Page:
Is Saxophone Easy To Learn? 6 Mistakes To Avoid

Is saxophone easy to learn, and how long does it take to play your favorite songs? The quick answer is from a few months to get the basics to a few years to master it.

The learning process includes controlling your breath, facial muscles, fingerings, notation, and tonality. All these factors ultimately converge in defining your own unique playing style.

In many ways, learning the saxophone is like learning a new language. You can quickly catch a few words and create a simple sentence in a language you don’t know much about. But becoming proficient in it is a different story altogether. 

Arguably, the saxophone is one of the easiest instruments to learn among others in the woodwind instruments family. However, there are a few caveats you should keep in mind before starting your journey.

In this post, I will cover the essential things you should consider when choosing to learn the saxophone, the most common mistakes beginner saxophone players make, and how to avoid them. 

Interesting enough? Let’s get started.

Choosing The Right Saxophone To Learn

The saxophone family consists of 14 different saxophone members, with 6 saxophones being widely used today in orchestra and band setups. These are sopranino, soprano, alto, tenor, baritone, and bass saxophone, classified in their pitch, from high to low.

I covered the most commonly used saxophone types, tonal ranges, repertoires for each instrument, and buying advice in detail here

One of the most important aspects when choosing which saxophone to start with is the ease of learning. The easiest to start with is the alto, followed by the tenor saxophone among the sax family. 

The alto saxophone is smaller in size, therefore, having the keys closer together. This is an advantage for tiny hands [such as children], making the keys easier to grab therefore learning the finger articulations faster.

Because of its smaller size, its mouthpiece is smaller too, requiring less air to control the instrument. And, of course, the alto saxophone weighs less than its tenor counterpart so that you won’t get hand fatigue faster.

In contrast, the tenor saxophone is heavier due to its larger size, has the keys not as close together as alto’s, and has a larger mouthpiece requiring more air blow.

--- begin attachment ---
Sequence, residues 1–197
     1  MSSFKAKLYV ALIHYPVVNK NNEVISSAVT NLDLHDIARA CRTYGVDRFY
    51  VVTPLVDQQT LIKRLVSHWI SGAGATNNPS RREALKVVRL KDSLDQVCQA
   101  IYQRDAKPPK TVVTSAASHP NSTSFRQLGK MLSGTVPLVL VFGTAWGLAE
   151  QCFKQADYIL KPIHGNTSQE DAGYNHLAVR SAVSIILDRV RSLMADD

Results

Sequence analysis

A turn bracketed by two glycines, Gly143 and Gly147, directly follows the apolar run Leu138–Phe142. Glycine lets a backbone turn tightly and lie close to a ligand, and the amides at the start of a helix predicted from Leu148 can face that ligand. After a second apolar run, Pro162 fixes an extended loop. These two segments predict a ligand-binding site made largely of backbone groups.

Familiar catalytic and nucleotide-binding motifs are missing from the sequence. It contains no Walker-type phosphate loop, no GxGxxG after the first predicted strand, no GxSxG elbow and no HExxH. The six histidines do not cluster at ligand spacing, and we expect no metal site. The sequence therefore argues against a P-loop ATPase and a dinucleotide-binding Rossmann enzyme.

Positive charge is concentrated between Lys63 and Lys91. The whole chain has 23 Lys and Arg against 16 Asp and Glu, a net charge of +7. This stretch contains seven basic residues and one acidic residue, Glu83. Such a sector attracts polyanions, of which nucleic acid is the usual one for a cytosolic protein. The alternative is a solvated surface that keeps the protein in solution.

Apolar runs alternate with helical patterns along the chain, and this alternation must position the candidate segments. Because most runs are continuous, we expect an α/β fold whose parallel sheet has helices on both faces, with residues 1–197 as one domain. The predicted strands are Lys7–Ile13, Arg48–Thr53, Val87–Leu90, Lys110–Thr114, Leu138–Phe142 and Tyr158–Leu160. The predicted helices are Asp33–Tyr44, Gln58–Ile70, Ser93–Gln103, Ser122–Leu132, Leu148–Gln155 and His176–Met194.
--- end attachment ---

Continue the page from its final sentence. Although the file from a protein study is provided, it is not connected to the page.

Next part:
That being said, if you really like the deeper tone of the tenor saxophone, go ahead and start learning it first. 

An important thing to remember is that the alto saxophone is written in E flat while the tenor saxophone is in B flat. But this is by no means a big deal, and most people eventually end up playing both as they have the same fingerings. 

Once you get familiar with the alto or tenor saxophone, you can easily apply your skills to any other instrument in the saxophone family. Isn’t that awesome?

Learning The Saxophone

While you can get your first notes easily on the first day with some guidance, saxophone fingerings, blowing technique, and other things such as the right posture will require more effort on your behalf. 

Though you can start learning the saxophone on your own, I highly advise you to look for a sax teacher. Basics are important as they create habits, and as you know already, bad habits are difficult to change. 

Spare yourself of any potential frustrations down the road and get a sax expert to teach you the foundations first, then take it from there on your own. It really makes a difference!

Learning the basics will take you anywhere from a few weeks to a few months, your dedication being the main factor making the difference. 

Many saxophone beginners chose to start playing by the ear. There is nothing wrong with that, especially if you are a hobbyist. You will eventually have to learn notation if you plan to take your saxophone outside your dorm to a band or orchestra.

Learning saxophone notation is easy as you don’t have to deal with chords or other complicated stuff [e.g., guitar, piano]. In return, it will help you learn new songs faster and in the right way – which is always appreciated among musicians. 

Like everything in life, it is easy to learn something new but difficult to master. And with saxophones, it is easy to learn to play badly, especially when there is no one to give you proper guidance.

Mistakes To Avoid When Learning The Saxophone

So you decided to take this seriously, and you are ready to learn to play the saxophone. Since the distance between a beginner and an expert is almost always not a straight line, here are some important pitfalls you should keep in mind along the way: